Zero Server — Build Web Applications with Zero Configuration

ByPayal Mittal
March 10th . 5 min read
Zero Server — Build Web Applications with Zero Configuration

Zero allows you to build applications without having to worry about package management, configuration, or routing. Now, you can write your code in the fusion of multiple languages with zero configuration.

In this blog, I’m going to give you a quick go-through about the Zero server so that you can consider using it in your next project -

What is Zero Server?

Zero is a unique web framework that bundles applications and simplifies modern web development. It can support multiple languages in a single project including React.js, Node.js, Vue.js, Svelte, HTML, Markdown, and Python so you can write your application code in the hybrid of all these languages.

Key Features -

Zero facilitates automatic bundling of the code and supports server-side rendering along with many other features, such as -

  • Auto Configuration and Dependency Resolution
  • Built-in File System
  • API Routing
  • Automatic Code Splitting
  • Multiple Languages Support
  • Supports SSR (Server-side Rendering) and SSG
  • Better Error Handling

How Zero Server Works??

Zero was designed to be flexible so that it can support multiple languages and frameworks. It runs each page using handlers, it works just like microservices but locally.

Zero uses file extensions to differentiate between Node.js and React.js frameworks. While react components must use .jsx extension, Node APIs use .js extension. It builds each page, when needed, which is why its load time is longer when you first visit the page. While running Zero in the production environment, you need to build your pages through zero build command.

👉 File-system Based Routing: Routing in Zero applications is based upon the file structure. If your node.js function resides in ./api/login.js, it will point at http://<SERVER>/api/login and likewise, if your React page is put as ./about.jsx and will point at http://<SERVER>/about.

👉 Auto-Configuration: You don’t need config filed for your project folder as it automatically gets compiled, bundled, and served. You just have to place your code.

👉 Zero Server API Routes: You can easily create API routes with Zero by creating an API endpoint in Node.js.

👉 Mix and Match languages: You can mix multiple languages inside a single project. Consider this -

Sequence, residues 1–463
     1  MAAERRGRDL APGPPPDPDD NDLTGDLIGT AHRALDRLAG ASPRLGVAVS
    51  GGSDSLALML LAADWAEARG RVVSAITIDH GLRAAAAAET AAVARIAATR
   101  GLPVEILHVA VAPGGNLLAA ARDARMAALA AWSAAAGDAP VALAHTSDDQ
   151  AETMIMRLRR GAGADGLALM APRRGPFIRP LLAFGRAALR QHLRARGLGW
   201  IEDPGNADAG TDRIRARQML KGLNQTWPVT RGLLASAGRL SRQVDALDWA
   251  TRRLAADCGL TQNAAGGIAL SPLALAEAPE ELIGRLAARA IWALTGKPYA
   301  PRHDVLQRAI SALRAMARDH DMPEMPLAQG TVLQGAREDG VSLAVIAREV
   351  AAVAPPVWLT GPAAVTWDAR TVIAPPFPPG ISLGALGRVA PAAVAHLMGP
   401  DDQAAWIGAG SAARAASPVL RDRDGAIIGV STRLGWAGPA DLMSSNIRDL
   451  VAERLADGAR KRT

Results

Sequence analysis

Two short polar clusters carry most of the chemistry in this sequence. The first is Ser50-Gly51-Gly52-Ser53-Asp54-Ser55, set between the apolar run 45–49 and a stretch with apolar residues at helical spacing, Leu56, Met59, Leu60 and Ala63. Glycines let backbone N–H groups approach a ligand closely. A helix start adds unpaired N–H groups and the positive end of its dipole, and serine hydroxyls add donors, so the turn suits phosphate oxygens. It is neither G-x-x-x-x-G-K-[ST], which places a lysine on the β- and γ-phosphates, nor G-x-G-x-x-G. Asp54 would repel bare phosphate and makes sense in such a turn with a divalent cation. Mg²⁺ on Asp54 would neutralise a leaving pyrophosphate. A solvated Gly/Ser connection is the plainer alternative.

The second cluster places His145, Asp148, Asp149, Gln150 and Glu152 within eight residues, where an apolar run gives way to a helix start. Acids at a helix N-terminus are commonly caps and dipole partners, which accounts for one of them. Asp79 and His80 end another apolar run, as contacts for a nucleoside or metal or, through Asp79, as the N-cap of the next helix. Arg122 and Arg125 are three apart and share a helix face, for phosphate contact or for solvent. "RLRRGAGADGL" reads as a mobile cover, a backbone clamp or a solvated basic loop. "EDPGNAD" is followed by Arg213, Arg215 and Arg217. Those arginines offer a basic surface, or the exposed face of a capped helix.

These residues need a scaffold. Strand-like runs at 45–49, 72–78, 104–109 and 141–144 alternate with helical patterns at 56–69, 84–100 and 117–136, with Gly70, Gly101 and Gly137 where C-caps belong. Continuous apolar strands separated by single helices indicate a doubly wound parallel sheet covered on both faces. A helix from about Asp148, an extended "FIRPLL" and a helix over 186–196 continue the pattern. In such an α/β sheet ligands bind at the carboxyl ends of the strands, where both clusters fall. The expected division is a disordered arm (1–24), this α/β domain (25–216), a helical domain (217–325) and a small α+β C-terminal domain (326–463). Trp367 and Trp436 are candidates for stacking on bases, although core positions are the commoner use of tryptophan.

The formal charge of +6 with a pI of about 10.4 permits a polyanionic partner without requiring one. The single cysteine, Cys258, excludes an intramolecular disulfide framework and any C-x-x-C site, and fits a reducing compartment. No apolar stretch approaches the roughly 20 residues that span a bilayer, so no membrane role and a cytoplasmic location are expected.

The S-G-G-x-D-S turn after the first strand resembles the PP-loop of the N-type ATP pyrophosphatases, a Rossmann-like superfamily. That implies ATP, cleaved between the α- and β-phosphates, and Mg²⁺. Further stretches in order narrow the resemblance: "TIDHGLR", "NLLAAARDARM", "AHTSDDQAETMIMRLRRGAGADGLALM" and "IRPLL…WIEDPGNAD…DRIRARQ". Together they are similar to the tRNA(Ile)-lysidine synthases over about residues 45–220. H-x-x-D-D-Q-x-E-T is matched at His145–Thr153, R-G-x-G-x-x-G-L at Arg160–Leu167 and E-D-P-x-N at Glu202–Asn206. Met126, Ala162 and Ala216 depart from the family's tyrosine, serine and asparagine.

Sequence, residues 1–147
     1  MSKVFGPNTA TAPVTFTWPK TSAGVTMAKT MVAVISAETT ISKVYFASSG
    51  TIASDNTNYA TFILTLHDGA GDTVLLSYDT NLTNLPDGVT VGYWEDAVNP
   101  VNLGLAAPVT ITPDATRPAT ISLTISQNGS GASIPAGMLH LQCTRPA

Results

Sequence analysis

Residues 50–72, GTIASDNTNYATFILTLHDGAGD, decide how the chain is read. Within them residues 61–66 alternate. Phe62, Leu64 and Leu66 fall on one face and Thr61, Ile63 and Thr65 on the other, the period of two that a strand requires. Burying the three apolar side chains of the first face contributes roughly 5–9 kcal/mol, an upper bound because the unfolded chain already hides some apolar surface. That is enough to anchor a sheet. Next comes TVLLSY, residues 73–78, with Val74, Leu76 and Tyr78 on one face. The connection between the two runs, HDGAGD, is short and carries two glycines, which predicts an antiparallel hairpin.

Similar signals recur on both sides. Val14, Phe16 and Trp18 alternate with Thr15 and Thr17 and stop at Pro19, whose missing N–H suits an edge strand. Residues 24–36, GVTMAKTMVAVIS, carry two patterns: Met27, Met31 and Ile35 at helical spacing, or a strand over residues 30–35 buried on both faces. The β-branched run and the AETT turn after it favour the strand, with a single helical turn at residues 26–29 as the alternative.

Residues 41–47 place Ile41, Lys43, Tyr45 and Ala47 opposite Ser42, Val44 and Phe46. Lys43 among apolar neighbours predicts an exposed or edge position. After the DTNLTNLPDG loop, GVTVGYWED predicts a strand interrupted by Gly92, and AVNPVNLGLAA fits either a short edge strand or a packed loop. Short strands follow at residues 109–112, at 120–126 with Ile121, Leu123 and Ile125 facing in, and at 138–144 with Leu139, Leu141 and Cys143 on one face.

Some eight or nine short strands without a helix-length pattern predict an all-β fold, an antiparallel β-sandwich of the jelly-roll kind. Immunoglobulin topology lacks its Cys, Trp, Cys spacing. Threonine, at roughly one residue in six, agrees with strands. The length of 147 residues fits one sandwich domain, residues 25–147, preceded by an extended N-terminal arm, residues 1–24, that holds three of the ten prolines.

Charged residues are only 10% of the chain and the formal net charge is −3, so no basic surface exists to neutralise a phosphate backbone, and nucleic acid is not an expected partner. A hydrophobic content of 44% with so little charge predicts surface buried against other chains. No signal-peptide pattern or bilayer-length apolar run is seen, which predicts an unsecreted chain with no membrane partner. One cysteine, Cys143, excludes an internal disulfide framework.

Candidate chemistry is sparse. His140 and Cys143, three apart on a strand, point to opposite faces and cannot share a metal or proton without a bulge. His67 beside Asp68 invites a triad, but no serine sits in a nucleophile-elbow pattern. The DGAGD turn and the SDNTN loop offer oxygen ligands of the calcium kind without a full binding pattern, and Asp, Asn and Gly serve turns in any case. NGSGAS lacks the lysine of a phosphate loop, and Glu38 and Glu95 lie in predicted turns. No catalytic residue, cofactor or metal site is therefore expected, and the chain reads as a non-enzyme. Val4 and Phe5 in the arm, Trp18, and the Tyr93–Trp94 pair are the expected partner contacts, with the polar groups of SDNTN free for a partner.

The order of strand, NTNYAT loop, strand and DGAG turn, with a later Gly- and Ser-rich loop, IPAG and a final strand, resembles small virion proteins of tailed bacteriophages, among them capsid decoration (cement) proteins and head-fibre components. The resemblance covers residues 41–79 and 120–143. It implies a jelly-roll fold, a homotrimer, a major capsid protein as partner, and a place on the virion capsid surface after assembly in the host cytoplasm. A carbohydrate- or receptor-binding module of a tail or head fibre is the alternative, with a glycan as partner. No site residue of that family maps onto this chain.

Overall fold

• Exposing Tensorflow model as a python API
  • Writing the user login code in Node.js
  • Using React pages to consume it
  • Your landing pages in a mix of HTML or Markdown/MDX

👉 Auto Dependency Resolution: If a file does require(‘underscore’), it gets automatically configured from NPM and resolved. You can even create your own package.json file to install a specific version of a dependency or package.

For example -

  "name": "myapp",
  "dependencies": {
    "underscore": "^1.4.0",
    "private_ui_pkg": "git+"

👉 Dynamic Routing: Zero supports dynamic routing and any file/folder starting with the dollar sign ‘$’ is considered a dynamic route.

👉 Proxy Routing: Zero enables you to proxy routes to any other server and creates a JSON file with the url key with the URL of the server where we’re going to proxy route to.

Getting Started with Zero Server -

To get started with Zero, you will need the basic knowledge of Node.js and React.js. Also, you need to install Node v8+ on your device. Also, some knowledge of HTML/CSS would be beneficial.

You can install zero via npm, as -

npm install -g zero

Now, move ahead and get ready to see the demo where we’ll get a glimpse of what makes Zero special. You need to create a new folder and define a file named time.js inside it. Also, export Request and Response objects and import moment.js inside this file.

// time.js
const moment = require("moment");
module.exports = (req, res) => {
  var time = moment().format("LT"); // 11:51 AM
  res.send({ time: time });

Your API endpoint is ready. Now, run the following command to start the server like this -


When you run the server, zero auto-installs all dependencies like moment.js and makes it available for you to use in the time.js file.

As you can see above, you implemented an API without configuring any routes or installing libraries, zero does all this behind the scenes and reduces a significant amount of workload.

Once you get the API running, we’ll see how to consume it using React.js at the frontend. All you have to do is to create a new index.jsx file and insert the following code in here -

// index.jsx
import React from "react";
export default class extends React.Component {
  static async getInitialProps() {
    var json = await fetch("/time").then(resp => resp.json());
    return { time: json.time };
  render() {
    return <p>Current time is: {this.props.time}</p>;

Here, we initialized the standard React Component with one additional hook getIntitialProps() for the initial data population. Being an async static method, Zero calls getInitialProps when the page loads as it returns a plain object which populates props.


Being as wonderful and unique a framework as it is, Zero has the potential to simplify the process of web development and even make it a fun experience.

Don’t forget to check out the official documentation to learn more about Zero Server.

Thanks for reading!